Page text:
• Biotechs have been rejuvenated by a dose of M&A and near-term regulatory deflection
  • After significantly lagging the broader market, biotech is steadily making progress
  • Regulatory concerns remain an overarching backdrop to the healthcare sector
  • Neurology is attracting renewed interest after Biogen’s decision to present its Alzheimer’s drug for FDA approval
  • We briefly discuss 4 promising neurology stocks

Biotech Pulse

Biotechs finally have a gust of wind in their sails. 

In a space of 2-months, biotechs have gone from recording yearly lows in early October, to recording 2019 highs. The 25% surge has been a result of a relatively less threatening regulatory environment and a strengthening of acquisition and partnership activity.

The earlier articles, Healthcare On The March and 4 RNA Stocks For A Biotech Portfolio, emphasized why healthcare should begin to receive greater weight in portfolios as the risk of an industry restructuring has eased somewhat and a recent healthcare transparency plan by the administration was much milder than what it could have been. Also, as pharmaceutical companies continue acquiring biotechs or entering into large dollar partnerships with them, it has reassured investors and boosted confidence in biotech prospects. There is no doubt that scientific advances have been accumulating. But biotech valuations were held back and required a glimmer of regulatory relief and a shove from timely acquisitions. 

Biotech has been a lagging sector and the recent spurt is making up for lost ground. As has been noted in prior articles over the past two months, we do believe there is a window of opportunity that exists for healthcare overall and biotechs, in particular, to perform relatively better than the broader market.

Neurology – A Complex Challenge

Over 350 years ago, Oxford-educated English physician Thomas Willis in his book Cerebri Anatome (The Anatomy of the Brain) meticulously laid out the various structures of the brain, and first introduced the word neurology or doctrine of the nerves, as he characterized it. Neurology is now the medical field of nervous system disorders. Such was the clinical acumen, prescience, and depth of masterful brain theories establishing astonishing links, that Willis is considered as the founding father of neurology and his name has been imprinted on the human mind. A circular formation of arteries at the base of our brain, as highlighted in the image below, is known as the Circle of Willis.

Source: Illustration by PrudentBiotech.com; Thomas Willis by Wikimedia.org; Brain Image by Anatomy Science

Although the discipline of neurology was established 350 years ago and developed by many great minds, rapid progress has occurred in the last few decades as advances in technology provided the medium to further unravel the mysteries of the mind and the nervous system. But a lot remains unknown in this highly complex, interlinked, and broad field of neuroscience, which is the scientific study of the nervous system that includes the central nervous system or CNS, the brain, and the spinal cord.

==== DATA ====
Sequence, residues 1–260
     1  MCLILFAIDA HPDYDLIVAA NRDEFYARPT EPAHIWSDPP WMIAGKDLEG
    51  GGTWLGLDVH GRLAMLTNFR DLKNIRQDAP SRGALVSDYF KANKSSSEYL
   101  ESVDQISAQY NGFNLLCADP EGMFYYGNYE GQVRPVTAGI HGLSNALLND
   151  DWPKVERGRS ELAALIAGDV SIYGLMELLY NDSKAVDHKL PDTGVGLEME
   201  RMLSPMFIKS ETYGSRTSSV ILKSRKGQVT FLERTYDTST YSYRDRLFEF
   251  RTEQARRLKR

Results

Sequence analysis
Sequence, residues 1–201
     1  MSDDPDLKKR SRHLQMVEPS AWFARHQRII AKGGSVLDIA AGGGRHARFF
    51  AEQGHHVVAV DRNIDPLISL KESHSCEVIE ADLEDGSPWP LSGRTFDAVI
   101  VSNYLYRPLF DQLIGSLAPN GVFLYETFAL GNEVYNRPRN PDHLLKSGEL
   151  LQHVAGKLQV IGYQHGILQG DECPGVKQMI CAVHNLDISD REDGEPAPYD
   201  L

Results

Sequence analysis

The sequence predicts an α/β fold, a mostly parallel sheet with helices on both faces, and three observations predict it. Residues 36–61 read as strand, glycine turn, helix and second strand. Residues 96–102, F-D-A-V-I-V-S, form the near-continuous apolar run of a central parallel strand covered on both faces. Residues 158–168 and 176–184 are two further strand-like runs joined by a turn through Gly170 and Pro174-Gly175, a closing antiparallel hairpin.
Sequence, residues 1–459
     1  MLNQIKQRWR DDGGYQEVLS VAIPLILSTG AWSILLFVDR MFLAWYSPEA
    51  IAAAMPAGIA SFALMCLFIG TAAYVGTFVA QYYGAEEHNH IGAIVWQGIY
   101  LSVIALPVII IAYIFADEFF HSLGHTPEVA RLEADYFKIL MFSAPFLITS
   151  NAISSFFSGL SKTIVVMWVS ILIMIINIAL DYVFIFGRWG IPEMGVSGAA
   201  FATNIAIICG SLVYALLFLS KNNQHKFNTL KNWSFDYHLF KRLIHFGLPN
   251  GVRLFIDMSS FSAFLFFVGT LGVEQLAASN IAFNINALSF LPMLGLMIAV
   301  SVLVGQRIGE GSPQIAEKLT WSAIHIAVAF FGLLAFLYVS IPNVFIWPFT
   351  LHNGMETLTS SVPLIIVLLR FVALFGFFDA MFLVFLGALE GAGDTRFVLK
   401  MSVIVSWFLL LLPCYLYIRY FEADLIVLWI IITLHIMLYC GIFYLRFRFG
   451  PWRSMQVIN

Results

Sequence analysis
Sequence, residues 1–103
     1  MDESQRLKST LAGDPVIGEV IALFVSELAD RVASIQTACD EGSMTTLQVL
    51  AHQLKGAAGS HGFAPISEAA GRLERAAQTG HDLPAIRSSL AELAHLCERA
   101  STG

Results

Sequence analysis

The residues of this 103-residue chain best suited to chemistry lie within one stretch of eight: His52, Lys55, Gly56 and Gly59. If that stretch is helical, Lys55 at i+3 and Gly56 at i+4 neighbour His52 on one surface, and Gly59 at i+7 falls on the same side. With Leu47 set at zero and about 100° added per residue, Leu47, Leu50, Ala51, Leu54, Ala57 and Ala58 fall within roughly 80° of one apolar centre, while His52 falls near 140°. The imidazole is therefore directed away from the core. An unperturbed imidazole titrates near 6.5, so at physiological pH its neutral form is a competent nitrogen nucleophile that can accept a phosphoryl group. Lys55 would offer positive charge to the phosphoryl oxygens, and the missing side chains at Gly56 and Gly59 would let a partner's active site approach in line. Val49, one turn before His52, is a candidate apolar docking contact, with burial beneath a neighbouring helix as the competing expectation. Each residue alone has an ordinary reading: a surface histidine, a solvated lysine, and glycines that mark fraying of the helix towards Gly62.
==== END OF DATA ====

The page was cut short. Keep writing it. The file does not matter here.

Neurology is a difficult field due to the complexity of the organs, the signaling networks, and the pathways. The diseases and disorders related to the mind and nervous system are many and diverse, including prominent ones like Alzheimers, schizophrenia, dementia, psychosis, epilepsy, insomnia, depression, Parkinson, multiple sclerosis, etc. And so is the list of players which include giant pharmaceutical companies and biotechs, like Biogen (BIIB), Neurocrine Biosciences, Acadia Pharmaceuticals, Alkermes (ALKS), Sage Therapeutics (SAGE), Voyager Therapeutics (VYGR), Axsome Therapeutics (AXSM), Minerva Neurosciences, and Karuna Therapeutics, to name just a handful. Due to the uniquely complex nature, there is a high rate of company attrition in this field.

Biogen recently put some vigor in the neurological segment of the biotech sector when in October it resurrected its drug, Aducanumab, which targets the amyloid in Alzheimer’s disease. There is some meaningful progress being made in brain and CNS disorders, although the road to travel is still very long.

Below we mention four companies in the neuro space which investors interested in this segment can keep an eye on. All these have multiple shots at the goal due to the pipeline-in-a-product approach. Of course, there are many other attractive neuro companies as well besides these four.

Neurocrine Biosciences (NBIX)

Neurocrine is one of the largest biotech companies focused on neurology, endocrine, and psychiatric disorders. It has an active commercial program in movement disorders with a product in tardive dyskinesia and another product in women’s health collaboration with AbbVie.

In Parkinson’s disease, the company has tested a drug as an adjunct therapy which is now under NDA review with a PDUFA action date in April 2020. Another exciting therapy program for Parkinson’s is the VY-AADC, with the VY standing for the collaboration with Voyager Therapeutics. The drug plants an AADC gene directly into the neurons where the dopamine receptors are located, enabling these neurons to then produce the AADC enzyme for converting Levodopa into dopamine. As many would know, Levodopa, often in combination with carbidopa, is the standard of care in addressing movement disorders by managing dopamine levels. Managing symptoms is the best one can do as Parkinson’s itself has no cure yet. The VY-AADC gene intervention can potentially prolong the benefit of Levodopa, improve motor function, and reduce the daily “OFF” time when the effect of Levodopa wears off and motor functions deteriorate. The VY-AADC drug is being evaluated in Phase 2 trials. The two companies have collaborated on another program, VY-FXN01, for Friedreich’s ataxia. 

Source: Neurocrine

Neurocrine had a cash and equivalents balance of ~$875 million at the end of the third quarter, and a market cap of over $10 billion. The company has deep knowledge of the central nervous system and its interactions with the endocrine system and remains a key player in unraveling the neurological mysteries, particularly of motion-related disorders.

Acadia Pharmaceuticals (ACAD)

Acadia is a leading company focused on CNS related disorders. In 2016, the company achieved a significant milestone when its drug Nuplazid was approved for certain psychotic symptoms associated with Parkinson’s disease. That remains the only FDA approved drug for that condition.